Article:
By Carole Brown
Director of Evangelization and Missionary Discipleship
The weekend after the euphoria-producing beatification of Blessed Stanley Rother at the Cox Convention Center, several parishes hosted more than 4,000 guests for an evening with evangelist Matthew Kelly. His presentation was entitled “Passion and Purpose.”
A few days before Matthew Kelly spoke, it occurred to me that one possible outcome of such an event might be that some people would be interested in getting to know Jesus better. Since that is what we as a Church exist to do, I thought it might be a good idea to make a list of parishes in the archdiocese that have been working on that, to include in the gift bags that were given to those who attended.
I asked myself – suppose a dozen or so people were to come through the door of a given parish and say simply, “I’ve been Catholic my whole life, but I don’t know Jesus very well at all. Is there a way for me to get to know Jesus in this parish?”
Let yourself imagine your way into that question in your own parish. Does your parish have any kind of strategy that anyone knows about for helping people to come to know Jesus? Is there a process that a person can jump into within a few weeks? Or do they have to wait until the next school year begins?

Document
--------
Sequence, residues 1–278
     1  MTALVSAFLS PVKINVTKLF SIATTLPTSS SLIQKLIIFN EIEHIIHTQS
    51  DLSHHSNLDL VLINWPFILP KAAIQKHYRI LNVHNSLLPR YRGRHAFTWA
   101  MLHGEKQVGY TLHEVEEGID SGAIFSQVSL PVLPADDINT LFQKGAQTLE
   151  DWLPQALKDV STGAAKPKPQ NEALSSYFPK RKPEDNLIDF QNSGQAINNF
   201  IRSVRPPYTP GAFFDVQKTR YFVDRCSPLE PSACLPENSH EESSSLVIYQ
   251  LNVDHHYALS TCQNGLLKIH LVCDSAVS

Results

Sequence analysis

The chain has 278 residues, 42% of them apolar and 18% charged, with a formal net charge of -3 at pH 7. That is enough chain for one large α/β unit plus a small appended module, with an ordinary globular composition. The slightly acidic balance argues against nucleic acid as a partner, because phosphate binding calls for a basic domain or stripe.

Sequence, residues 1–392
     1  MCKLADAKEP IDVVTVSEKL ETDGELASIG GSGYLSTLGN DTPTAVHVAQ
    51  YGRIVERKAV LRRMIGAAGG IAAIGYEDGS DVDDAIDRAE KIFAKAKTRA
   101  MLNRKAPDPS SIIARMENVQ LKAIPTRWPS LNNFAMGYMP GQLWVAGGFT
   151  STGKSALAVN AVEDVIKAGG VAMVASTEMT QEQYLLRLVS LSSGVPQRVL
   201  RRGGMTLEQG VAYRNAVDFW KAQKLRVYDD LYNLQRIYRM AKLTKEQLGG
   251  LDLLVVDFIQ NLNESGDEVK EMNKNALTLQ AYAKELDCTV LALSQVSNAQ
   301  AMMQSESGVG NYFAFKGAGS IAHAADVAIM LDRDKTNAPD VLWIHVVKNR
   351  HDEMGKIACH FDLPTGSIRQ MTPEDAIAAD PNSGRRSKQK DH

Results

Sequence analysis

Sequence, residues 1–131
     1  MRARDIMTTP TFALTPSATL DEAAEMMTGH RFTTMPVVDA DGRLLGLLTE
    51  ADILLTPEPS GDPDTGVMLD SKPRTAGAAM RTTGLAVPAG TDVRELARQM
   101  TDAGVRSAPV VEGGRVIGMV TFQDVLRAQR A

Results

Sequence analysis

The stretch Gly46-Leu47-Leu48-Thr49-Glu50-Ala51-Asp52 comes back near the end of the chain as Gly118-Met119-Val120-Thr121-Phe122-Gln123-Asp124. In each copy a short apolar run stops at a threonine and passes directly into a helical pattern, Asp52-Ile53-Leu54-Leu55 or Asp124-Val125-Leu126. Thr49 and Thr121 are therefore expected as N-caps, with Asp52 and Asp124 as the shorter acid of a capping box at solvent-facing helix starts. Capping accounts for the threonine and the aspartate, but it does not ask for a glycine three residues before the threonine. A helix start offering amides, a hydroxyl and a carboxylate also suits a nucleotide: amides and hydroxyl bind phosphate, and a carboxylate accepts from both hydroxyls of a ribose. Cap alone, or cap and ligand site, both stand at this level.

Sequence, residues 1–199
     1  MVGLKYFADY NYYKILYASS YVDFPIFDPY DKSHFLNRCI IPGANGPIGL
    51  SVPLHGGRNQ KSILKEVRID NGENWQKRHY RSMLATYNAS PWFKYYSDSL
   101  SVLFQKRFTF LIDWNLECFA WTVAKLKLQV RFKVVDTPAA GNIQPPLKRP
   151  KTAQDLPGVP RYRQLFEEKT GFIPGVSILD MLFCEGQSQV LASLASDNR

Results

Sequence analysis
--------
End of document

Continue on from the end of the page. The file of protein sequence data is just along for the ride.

Likely, we are somewhat prepared for new inquirers to find a seat in RCIA. But, what about adults who already have been fully sacramentally initiated – perhaps even attend Mass regularly – who want to know Jesus?
This is an important question to answer – I daresay, perhaps the most important question for parish leadership teams, pastoral councils and parish councils.
First, it’s what we exist for. Saint John Paul II said, “The Church wishes to serve this single end: that each person may be able to find Christ, in order that Christ may walk with each person the path of life” (Redeemer of Man, 13).
Secondly, the failure to provide processes like this is the most common reason people walk away from Catholicism to join an evangelical church. (Did you know that upwards of 60 percent of people who attend evangelical churches are former Catholics?)
As I prepared my list, I found that there are certainly more parishes than there would have been four years ago that could handle a dozen or more people showing up and asking about how to know Jesus. But, I cannot help but wish there were more.
This month marks four years since Archbishop Coakley called us to develop a culture of intentional discipleship in our parishes in his pastoral letter “Go Make Disciples.” It also marks the 25th anniversary of the U.S. Catholic bishop’s document “Go and Make Disciples.”
If you are ready to make the Church’s main mission a priority in your parish, we are ready to help you.
Want to know more?